General Data Format for Biomedical Signals

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The General Data Format for Biomedical Signals is a scientific and medical data file format. The aim of GDF is to combine and integrate the best features of all biosignal file formats into a single file format.[1]

The original GDF specification was introduced in 2005 as a new data format to overcome some of the limitations of the European Data Format for Biosignals (EDF). GDF was also designed to unify a number of file formats which had been designed for very specific applications (for example, in ECG research and EEG analysis).[2] The original specification included a binary header, and used an event table.[3] An updated specification (GDF v2) was released in 2011 and added fields for additional subject-specific information (gender, age, etc.) and utilized several standard codes for storing physical units and other properties.[2] In 2015, the Austrian Standardization Institute made GDF an official Austrian Standard, and the revision number has been updated to v3.

The GDF format is often used in brain–computer interface research.[4][5][6] However, since GDF provides a superset of features from many different file formats, it could be also used for many other domains.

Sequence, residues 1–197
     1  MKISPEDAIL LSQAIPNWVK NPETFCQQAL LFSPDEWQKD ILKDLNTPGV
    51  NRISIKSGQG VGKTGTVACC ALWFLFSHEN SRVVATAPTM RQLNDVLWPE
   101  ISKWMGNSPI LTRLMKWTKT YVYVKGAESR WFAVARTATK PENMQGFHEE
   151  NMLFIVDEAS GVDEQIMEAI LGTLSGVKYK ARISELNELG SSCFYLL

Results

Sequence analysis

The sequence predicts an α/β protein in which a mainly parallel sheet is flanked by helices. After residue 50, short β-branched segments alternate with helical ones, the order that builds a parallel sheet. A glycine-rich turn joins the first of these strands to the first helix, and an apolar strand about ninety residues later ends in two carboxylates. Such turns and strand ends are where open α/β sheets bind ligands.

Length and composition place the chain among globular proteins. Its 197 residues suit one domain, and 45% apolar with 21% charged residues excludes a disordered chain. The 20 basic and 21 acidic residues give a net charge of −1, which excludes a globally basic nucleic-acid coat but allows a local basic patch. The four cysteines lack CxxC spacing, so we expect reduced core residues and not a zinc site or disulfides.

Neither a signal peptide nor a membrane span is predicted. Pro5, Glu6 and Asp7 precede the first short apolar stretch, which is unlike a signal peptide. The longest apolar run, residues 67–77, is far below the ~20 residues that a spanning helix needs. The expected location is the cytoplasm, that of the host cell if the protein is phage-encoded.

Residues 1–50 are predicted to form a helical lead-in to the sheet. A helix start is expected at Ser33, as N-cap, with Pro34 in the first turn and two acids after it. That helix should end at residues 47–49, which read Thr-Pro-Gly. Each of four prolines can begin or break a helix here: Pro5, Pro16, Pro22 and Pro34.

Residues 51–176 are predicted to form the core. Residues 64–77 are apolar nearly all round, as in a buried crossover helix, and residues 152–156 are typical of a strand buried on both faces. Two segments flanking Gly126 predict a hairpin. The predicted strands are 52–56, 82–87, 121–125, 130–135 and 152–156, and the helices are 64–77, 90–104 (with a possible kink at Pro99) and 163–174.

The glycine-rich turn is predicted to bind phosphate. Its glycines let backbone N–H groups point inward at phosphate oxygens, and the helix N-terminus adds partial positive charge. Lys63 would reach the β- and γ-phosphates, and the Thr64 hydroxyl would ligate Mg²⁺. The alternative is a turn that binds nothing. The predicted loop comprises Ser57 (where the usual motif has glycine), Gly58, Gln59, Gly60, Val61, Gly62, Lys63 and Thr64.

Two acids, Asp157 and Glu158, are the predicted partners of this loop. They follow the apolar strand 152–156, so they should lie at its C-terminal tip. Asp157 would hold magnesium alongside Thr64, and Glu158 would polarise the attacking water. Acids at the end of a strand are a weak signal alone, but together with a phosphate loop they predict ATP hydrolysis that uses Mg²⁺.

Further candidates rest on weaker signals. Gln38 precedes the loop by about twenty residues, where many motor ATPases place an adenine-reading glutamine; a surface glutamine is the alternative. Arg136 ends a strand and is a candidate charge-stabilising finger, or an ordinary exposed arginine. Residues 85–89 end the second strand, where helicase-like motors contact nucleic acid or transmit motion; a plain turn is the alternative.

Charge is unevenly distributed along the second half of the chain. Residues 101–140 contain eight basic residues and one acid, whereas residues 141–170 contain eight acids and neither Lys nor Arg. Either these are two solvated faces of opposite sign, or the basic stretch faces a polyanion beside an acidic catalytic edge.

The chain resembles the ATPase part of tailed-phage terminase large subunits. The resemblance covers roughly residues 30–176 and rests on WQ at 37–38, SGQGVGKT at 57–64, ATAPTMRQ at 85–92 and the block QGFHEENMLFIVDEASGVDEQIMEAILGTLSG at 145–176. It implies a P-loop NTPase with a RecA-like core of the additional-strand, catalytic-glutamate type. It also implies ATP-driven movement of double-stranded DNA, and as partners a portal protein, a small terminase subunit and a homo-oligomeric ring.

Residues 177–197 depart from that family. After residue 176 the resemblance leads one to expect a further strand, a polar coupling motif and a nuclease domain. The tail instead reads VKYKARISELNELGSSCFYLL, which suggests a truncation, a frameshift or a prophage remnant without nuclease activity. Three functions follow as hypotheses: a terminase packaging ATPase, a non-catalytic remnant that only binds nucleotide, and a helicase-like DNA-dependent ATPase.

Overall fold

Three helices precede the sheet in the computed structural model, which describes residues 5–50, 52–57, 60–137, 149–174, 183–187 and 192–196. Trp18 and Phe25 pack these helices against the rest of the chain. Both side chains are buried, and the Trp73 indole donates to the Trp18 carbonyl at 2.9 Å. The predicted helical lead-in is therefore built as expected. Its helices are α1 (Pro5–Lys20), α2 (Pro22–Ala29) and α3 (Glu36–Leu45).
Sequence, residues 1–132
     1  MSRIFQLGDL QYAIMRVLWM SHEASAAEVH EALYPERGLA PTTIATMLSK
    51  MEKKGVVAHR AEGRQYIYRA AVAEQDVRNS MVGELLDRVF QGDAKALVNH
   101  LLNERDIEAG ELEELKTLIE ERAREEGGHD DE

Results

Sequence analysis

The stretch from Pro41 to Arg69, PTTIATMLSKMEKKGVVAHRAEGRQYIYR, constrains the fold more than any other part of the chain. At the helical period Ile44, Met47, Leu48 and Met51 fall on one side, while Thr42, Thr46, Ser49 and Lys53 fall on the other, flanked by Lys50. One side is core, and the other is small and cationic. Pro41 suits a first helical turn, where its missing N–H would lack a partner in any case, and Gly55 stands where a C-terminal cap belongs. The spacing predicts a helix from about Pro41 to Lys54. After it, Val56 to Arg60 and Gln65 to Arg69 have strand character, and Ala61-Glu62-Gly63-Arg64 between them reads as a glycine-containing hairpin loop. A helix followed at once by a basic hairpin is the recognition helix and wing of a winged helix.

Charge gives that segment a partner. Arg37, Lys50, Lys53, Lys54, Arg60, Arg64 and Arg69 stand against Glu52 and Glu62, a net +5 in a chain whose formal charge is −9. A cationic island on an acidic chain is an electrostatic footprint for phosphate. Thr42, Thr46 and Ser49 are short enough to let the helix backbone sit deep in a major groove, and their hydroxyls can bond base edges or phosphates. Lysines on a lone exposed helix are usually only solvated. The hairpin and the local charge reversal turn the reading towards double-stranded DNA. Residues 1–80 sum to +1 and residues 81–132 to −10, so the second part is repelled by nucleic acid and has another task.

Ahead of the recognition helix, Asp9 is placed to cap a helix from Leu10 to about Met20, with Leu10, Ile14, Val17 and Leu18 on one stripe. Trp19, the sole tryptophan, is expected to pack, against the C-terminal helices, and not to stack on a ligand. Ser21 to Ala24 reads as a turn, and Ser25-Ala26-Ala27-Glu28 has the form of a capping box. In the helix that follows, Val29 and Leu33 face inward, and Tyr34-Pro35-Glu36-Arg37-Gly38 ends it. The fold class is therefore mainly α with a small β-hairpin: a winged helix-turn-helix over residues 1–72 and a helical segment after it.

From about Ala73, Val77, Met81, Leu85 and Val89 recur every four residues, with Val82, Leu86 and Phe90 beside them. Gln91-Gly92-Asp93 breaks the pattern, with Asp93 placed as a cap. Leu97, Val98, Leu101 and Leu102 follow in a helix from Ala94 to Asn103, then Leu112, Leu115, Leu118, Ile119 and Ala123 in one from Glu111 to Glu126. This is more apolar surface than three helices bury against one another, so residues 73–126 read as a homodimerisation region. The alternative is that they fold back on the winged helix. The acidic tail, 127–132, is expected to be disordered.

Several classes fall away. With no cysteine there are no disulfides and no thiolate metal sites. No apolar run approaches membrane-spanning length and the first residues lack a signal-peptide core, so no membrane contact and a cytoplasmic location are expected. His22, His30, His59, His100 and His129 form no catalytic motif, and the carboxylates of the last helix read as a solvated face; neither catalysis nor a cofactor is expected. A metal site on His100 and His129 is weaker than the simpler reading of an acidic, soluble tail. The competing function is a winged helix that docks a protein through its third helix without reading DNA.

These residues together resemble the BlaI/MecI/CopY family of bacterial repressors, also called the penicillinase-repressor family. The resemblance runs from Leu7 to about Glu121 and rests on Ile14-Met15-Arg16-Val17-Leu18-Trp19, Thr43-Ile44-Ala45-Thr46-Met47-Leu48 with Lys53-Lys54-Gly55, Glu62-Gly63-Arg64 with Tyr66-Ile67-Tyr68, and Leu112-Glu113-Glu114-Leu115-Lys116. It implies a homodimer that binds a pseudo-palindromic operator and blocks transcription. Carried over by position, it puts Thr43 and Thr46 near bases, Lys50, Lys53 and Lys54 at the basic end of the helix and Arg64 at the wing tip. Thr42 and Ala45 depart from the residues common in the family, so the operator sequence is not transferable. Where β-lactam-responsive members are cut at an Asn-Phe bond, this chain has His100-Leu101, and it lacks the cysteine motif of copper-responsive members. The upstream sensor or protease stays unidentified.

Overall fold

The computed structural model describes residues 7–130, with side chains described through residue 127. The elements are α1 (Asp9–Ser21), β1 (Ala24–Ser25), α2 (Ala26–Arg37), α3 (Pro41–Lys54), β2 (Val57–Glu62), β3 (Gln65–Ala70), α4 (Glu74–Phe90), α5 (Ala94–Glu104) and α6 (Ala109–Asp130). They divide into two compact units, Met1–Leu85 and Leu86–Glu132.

The free and open source software BioSig library provides implementations for reading and writing of GDF in GNU Octave/MATLAB and C/C++.[7] A lightweight C++ library called libGDF is also available and implements version 2 of the GDF format.[8]

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  1. ^ "Scientific data formats - Filters for Octave and Matlab". Retrieved 3 August 2015.
  2. ^ a b Schlögl, Alois (2006). "GDF - A general dataformat for biosignals". arXiv:cs/0608052v10.
  3. ^ "GDF - A General Dataformat for Biosignals" (PDF). Retrieved 3 August 2015.
  4. ^ "Standards in Brain-Computer Interfaces". Retrieved 3 August 2015.[permanent dead link]
  5. ^ Allison, Brendan Z.; et al., eds. (2012). Towards practical brain-computer interfaces bridging the gap from research to real-world applications. Berlin: Springer. p. 323. ISBN 9783642297465.
  6. ^ Mellinger, Gerwin Schalk, Jürgen (2010). A practical guide to brain-computer interfacing with BCI2000 general-purpose software for brain-computer interface research, data acquisition, stimulus presentation, and brain monitoring (Online-Ausg. ed.). London: Springer. p. 91. ISBN 9781849960922.
  7. ^ "BioSig". Retrieved 3 August 2015.
  8. ^ "libGDF download -". Retrieved 3 August 2015.